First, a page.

Sound ‘Real World’ Principles Apply in the Web3 and Metaverse Environment
The evolving landscape of Web3 and the Metaverse presents the same concerns that are embedded in traditional law practice including privacy, copyright, contracts and anonymity. Among the biggest questions are whether new ethics rules are needed or if the principles already in place are applicable.
That was just one of the issues discussed by a panel throughout an hour-long breakout session during Saturday’s portion of the New York State Bar Association’s two-day conference entitled “Deep Dive Into the Metaverse: The First Global Law Symposium” that was hosted by New York University’s Metaverse Collaborative at The School of Professional Studies.
Jeremy Evans, president of the California Lawyers Association and founder of California Sports Lawyer, moderated the discussion. Steven Richman, partner at Clark Hill; Jason Chung, professor at the NYU Tisch Institute for Global Sport and counselor at Zuber Lawler; and Amanda Katzenstein, product, privacy and Web3 attorney at Salesforce, comprised the panel.
(Pictured L-R: Steven Richman, Jason Cung, Amanda Katzenstein, Jeremy Evans and NYSBA President Sherry Levin Wallach.)
All of the panelists agreed on the importance of attorneys understanding that the cases involving issues embedded in the Metaverse do not negate standard practice methods.
“Just because you are dealing in the Metaverse, contracts are contracts and you need to be attentive to documentation and writings, and the basic principles,” said Richman. “A best practice for clients who are attempting to do business in the Metaverse is that you need to still be aware of traditional concepts. If you have an avatar and it’s an extension of you, whether it’s your agent or whether it’s your alter ego, it could be you; and once you turn your machine off, back in the real world, you may have liability. Law still matters.”
Chung affirmed that thought and added that when people are operating in the Metaverse they are not always thinking about potential legal implications.
“Just because something happens online does not mean it turns into a magical box where laws don’t apply,” said Chung. “One of the things that always comes up is ‘we made a deal’ or a smart contract came into play but ultimately jurisdictional matters still matter, laws still matter and where everything gets executed still matters.”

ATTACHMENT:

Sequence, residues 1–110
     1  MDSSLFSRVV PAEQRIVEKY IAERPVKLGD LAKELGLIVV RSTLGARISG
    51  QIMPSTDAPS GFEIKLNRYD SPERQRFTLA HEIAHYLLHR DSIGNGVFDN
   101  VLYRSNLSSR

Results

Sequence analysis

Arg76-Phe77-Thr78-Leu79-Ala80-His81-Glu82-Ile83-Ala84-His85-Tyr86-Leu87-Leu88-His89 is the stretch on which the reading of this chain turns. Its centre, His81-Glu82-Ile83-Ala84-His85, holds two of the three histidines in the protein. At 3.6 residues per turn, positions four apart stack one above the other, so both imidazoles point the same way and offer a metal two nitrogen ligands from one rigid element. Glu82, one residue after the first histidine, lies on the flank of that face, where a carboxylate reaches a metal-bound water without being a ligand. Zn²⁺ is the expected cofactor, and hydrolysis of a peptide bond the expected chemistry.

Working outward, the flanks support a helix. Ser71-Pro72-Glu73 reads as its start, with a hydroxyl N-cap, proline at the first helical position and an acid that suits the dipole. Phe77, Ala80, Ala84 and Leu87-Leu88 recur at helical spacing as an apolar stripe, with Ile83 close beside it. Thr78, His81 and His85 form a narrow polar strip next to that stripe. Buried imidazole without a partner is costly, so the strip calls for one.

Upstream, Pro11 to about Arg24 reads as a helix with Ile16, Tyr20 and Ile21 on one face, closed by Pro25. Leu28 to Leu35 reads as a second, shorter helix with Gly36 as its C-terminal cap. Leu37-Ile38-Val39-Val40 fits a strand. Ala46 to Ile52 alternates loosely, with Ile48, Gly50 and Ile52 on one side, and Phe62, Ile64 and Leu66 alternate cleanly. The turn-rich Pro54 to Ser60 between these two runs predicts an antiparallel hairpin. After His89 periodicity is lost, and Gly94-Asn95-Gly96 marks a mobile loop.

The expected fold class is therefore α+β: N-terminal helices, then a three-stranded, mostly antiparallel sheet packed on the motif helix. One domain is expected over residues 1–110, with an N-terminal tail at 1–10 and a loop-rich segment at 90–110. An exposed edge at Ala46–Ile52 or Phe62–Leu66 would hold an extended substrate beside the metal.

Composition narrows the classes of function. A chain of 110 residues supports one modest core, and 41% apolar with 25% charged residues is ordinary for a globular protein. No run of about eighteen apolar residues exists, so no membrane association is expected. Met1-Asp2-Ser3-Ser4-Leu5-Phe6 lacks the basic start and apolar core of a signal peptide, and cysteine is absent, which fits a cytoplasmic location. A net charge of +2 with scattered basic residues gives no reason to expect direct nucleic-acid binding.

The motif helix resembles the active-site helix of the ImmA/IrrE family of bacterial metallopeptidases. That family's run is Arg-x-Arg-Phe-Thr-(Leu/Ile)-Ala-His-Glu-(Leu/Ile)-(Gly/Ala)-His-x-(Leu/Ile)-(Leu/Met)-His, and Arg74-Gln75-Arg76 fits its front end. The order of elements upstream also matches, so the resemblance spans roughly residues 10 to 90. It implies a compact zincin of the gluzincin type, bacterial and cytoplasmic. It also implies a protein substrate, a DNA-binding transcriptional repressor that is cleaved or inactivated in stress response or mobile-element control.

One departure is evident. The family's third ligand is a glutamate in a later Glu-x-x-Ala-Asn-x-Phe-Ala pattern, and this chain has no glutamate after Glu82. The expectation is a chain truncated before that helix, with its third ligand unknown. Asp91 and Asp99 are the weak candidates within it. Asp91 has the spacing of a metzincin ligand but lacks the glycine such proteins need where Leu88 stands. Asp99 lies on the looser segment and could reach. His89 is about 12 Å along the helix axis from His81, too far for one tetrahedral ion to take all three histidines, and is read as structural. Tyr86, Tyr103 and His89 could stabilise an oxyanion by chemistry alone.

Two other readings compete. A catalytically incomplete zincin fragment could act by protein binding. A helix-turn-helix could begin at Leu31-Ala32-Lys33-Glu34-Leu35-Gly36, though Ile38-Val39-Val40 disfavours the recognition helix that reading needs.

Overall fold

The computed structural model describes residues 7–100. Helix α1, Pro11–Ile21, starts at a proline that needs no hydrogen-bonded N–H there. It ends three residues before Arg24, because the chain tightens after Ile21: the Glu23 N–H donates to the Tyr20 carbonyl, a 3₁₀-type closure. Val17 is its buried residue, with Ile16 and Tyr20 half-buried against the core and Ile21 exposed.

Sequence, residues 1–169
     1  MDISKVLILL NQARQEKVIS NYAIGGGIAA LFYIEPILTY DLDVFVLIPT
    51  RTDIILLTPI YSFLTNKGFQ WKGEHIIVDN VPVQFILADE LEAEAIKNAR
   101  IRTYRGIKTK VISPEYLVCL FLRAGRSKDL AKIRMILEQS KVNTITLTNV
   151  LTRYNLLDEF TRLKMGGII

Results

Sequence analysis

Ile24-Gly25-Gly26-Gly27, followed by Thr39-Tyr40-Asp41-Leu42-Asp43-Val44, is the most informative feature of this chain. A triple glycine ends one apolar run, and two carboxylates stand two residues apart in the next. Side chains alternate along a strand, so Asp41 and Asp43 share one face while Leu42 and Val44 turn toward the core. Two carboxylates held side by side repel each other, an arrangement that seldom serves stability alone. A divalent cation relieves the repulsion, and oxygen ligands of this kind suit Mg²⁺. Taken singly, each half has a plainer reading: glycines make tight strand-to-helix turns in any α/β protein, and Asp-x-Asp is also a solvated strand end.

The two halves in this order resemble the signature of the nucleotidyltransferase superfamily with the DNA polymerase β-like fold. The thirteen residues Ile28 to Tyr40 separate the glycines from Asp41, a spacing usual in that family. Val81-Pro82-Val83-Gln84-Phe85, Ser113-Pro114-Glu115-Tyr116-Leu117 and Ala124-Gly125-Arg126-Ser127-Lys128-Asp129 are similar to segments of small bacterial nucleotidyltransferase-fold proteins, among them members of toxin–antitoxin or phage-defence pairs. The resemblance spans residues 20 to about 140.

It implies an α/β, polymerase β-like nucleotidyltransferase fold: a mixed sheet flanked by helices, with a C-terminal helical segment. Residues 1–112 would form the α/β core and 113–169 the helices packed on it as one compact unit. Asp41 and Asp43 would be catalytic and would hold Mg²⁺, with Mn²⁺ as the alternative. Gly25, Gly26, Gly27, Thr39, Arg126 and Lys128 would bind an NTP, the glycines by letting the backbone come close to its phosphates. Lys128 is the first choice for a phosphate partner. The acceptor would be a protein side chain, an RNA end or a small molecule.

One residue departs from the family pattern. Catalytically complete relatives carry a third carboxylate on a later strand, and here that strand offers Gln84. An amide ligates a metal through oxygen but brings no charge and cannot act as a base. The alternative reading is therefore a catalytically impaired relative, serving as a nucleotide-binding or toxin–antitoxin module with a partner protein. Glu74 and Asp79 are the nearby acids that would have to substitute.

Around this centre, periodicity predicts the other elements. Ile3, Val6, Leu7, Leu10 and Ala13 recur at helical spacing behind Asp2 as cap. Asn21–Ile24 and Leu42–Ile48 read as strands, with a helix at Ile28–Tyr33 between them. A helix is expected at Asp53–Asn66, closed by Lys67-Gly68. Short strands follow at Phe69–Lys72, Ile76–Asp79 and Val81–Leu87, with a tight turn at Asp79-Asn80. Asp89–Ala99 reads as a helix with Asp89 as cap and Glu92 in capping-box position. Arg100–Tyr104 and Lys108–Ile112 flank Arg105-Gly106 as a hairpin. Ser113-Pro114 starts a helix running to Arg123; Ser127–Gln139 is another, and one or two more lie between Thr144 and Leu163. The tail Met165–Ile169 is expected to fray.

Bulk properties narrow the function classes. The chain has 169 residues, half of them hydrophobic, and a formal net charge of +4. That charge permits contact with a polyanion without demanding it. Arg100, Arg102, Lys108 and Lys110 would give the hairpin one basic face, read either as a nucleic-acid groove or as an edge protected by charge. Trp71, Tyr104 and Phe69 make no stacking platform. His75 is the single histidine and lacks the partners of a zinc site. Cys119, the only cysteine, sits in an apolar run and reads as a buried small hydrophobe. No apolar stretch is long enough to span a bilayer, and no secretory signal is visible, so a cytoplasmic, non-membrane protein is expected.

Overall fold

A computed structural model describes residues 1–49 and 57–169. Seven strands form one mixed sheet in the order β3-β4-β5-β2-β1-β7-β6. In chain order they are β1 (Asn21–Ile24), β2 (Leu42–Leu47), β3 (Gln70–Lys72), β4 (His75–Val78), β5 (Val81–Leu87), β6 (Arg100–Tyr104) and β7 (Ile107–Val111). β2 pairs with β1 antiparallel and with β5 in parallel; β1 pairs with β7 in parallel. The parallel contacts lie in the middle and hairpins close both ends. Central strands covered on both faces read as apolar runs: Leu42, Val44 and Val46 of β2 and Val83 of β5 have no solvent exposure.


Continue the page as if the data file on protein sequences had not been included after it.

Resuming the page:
Katzenstein said the Metaverse presents a unique issue because the anonymity the spaces provides raises moral concerns.
“There are a lot of ethical issues. So many people in the Metaverse are anonymous and it can be used for fraud or money laundering purposes,” said Katzenstein. “How do you know who your client is? How do you judge conflicts when everyone is anonymous? When do you break confidentiality in cases of potential money laundering?”
Anonymity also causes a tension between privacy and security because users in the Metaverse at times want to operate freely without being beholden to a central authority, but at the same time, want to have safeguards in place so they may perform transactions with confidence.
“That is a central distinction and problem we are dealing with in real time right now because everything sounds great,” said Chung. “‘I can do whatever I want, nobody can track me and I’m beholden to nobody,’ but of course we’ve seen what happens when places go under or fraud happens online and then generally people start thinking insurance is a good thing.”
Client confidentiality also remains a key component for any mediation that may potentially be done in a Metaverse environment, just as it would be in a traditional in-person setting.
“In the real world, you can take a person aside but in the Metaverse you have to ensure that you can have that confidentiality and that you can keep an eye on things,” said Richman. “When I first started, I was told never to talk in the elevator and never to talk in the restroom. Now you are in the Metaverse, you have to understand the technology and understand how you can communicate.”
Chung emphasized that it is vital for attorneys to have a clear understanding of the digital world before they embark on practicing in it. They need to onboard clients properly and have a clear engagement letter, along with any other mechanisms that would apply in a traditional relationship.
“You have to figure it out, you have to spend the time,” said Chung. “You can’t just rely on the tech companies to just make a ready-made solution for you because ultimately the person purchasing our services, they are not the ones with licenses, [attorneys] are, and so we have to be diligent and know what tools we are using.”
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